Mixing aluminum alloys means mixed results
An aluminum alloy is a chemical composition where other chemical elements are added to pure aluminum to enhance its properties and increase its strength. The finished extrusion’s characteristics are partly determined by the alloy’s composition. Each designation has a predetermined mixture of one or more elements together with the aluminum; they are typically added in amounts ranging from 0.05 to seven percent.
The alloy composition and the method of production have a substantial effect on the aluminum’s performance and its post-anodized appearance. The production method has an impact on the alloy’s final temper, which is attained through numerous forms of mechanical and thermal treatments such as the extrusion process, heat-treating, and quenching (i.e. manipulating properties through heating the metal and controlling the rate of cooling).
Whenever possible, extrusions from the same lot and temper should be used. There can be slight variances in the alloying elements and impurities between lots, which can affect the anodized finish. If it is not possible to use the same lot throughout the entire project, one should ensure the same lot of material is used per elevation. This is particularly important when working with sheet material such as 5005 alloy.
The word ‘temper’ refers to the combination of hardness and strength imparted to aluminum by mechanical or thermal treatments (Figure 2). Aluminum alloys are offered in a wide range of tempers. Those classified as ‘heat-treatable’ gain strength through the addition of heat. On the other hand, alloys classified as ‘nonheat-treatable’ develop maximum strength characteristics through cold-work hardening after extruding. This involves shaping the work piece at a temperature below its recrystallization temperature, usually at ambient temperature. In most cases, such cold-forming is done at room temperature.
Heat-treatable alloys, including the 6xxx series, attain their maximum strength through controlled heat treatment. They have the highest strength of aluminum alloys. The temper level of an aluminum extrusion has an impact on the anodizing process outcome because it affects the gloss and clarity. Typically, the higher the temper is, the higher the finish clarity will be. Temper also has an effect on the alloy’s surface chemistry, which can have an effect on the anodize color. To minimize variance in the anodize process, a project’s extrusions should be the same temper.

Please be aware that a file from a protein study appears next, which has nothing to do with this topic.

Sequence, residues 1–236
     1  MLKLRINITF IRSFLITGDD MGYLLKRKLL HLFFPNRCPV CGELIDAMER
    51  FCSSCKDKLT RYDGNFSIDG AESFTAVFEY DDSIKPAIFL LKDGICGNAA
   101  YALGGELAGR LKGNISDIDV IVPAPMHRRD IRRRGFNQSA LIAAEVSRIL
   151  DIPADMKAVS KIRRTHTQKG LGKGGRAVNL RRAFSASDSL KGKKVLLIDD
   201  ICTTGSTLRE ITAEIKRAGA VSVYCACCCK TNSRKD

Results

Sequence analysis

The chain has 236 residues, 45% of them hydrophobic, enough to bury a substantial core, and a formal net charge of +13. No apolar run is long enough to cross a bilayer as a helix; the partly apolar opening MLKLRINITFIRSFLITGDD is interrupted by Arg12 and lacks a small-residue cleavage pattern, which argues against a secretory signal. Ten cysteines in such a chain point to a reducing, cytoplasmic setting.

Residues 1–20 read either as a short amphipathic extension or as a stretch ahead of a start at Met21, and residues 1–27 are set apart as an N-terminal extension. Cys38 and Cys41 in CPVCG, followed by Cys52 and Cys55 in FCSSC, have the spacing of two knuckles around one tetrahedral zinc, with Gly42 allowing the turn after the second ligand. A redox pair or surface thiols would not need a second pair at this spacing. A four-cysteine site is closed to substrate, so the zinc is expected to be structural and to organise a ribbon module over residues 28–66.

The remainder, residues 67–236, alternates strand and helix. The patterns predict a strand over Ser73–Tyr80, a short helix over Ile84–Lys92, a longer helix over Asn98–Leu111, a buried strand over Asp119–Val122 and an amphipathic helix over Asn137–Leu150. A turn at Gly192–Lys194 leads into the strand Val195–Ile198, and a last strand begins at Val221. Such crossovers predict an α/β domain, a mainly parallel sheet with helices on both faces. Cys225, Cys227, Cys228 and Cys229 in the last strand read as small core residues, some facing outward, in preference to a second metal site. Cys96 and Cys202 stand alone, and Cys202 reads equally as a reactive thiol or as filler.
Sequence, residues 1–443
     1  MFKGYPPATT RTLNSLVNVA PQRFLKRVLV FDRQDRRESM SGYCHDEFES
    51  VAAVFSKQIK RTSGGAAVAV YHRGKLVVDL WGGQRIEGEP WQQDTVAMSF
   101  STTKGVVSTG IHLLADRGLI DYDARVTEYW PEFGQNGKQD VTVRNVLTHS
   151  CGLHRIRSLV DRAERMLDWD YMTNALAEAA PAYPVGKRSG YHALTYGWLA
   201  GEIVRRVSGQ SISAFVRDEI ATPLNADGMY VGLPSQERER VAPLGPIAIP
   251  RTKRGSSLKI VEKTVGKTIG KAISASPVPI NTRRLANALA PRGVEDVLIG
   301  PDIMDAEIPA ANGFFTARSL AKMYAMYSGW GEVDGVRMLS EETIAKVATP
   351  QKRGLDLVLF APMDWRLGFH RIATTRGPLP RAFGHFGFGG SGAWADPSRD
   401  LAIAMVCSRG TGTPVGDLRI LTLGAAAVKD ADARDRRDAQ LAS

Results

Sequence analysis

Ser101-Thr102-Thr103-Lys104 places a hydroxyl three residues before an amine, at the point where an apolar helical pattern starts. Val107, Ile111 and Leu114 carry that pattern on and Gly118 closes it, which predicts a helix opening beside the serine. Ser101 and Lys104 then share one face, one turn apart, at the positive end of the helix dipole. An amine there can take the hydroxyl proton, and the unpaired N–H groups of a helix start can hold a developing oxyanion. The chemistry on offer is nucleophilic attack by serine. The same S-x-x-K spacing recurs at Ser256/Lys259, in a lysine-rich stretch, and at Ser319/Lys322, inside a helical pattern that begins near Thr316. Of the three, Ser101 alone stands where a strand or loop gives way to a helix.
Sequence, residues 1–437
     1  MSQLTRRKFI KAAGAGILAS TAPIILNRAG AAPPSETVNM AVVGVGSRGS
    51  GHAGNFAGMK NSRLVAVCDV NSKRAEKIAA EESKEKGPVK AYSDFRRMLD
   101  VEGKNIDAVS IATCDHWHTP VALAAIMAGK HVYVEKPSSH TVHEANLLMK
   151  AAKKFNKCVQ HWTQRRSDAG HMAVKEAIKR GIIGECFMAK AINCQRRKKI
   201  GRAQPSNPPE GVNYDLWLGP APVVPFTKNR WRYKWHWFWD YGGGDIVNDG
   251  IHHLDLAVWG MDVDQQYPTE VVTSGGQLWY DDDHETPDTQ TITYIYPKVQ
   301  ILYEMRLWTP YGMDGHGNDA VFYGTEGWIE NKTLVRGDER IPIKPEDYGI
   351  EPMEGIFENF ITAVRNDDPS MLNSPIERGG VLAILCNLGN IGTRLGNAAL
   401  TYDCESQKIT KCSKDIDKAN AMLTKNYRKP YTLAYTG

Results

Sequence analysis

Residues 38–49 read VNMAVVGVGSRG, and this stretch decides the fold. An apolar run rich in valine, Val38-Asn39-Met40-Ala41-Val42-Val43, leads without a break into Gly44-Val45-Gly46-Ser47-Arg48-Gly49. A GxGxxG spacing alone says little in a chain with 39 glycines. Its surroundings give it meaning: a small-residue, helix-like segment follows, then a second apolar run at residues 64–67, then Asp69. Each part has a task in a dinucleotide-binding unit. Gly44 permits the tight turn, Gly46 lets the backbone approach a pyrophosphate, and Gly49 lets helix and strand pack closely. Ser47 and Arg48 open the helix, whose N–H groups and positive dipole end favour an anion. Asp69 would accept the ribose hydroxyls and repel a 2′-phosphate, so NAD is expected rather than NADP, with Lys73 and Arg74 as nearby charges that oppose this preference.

Primary versus secondary aluminum
Aluminum recovered from scrap (i.e. secondary aluminum) has been an important contribution to the metal supply since the 1950s. Economic implications and increased concern regarding the energy supply have focused even more attention on recycling of aluminum because of its energy-intensive nature. However, recycled aluminum can have higher concentrations of impurity elements, contaminants, and other metal constituents such as iron.
Iron is the most common impurity found in aluminum. Higher concentration of iron in the aluminum can cause excessive die wear and surface defects in the anodizing. However, too low of an iron concentration can cause a higher gloss on the anodized surface. Testing has shown an iron content of 0.15 to 0.2 percent provides the best response to the etch process. Secondary billet tends to have a higher concentration of iron.
An anodize finish on pure aluminum would be continuous and transparent, evenly transmitting light through the thin oxide coating. The contaminants and non-aluminum metals within the alloy of the aluminum extrusion can give clear anodize a darker finish. These areas contain particles of constituents and oxidation products detracting from the coating’s transparency. This indicates how important—or rather, detrimental—impurities are to the result.
The greatest complexity with secondary aluminum is the inconsistency in the alloy, as each lot can be significantly different. The impurities of secondary billet are higher, but still must be within the contaminant and element specification tolerance.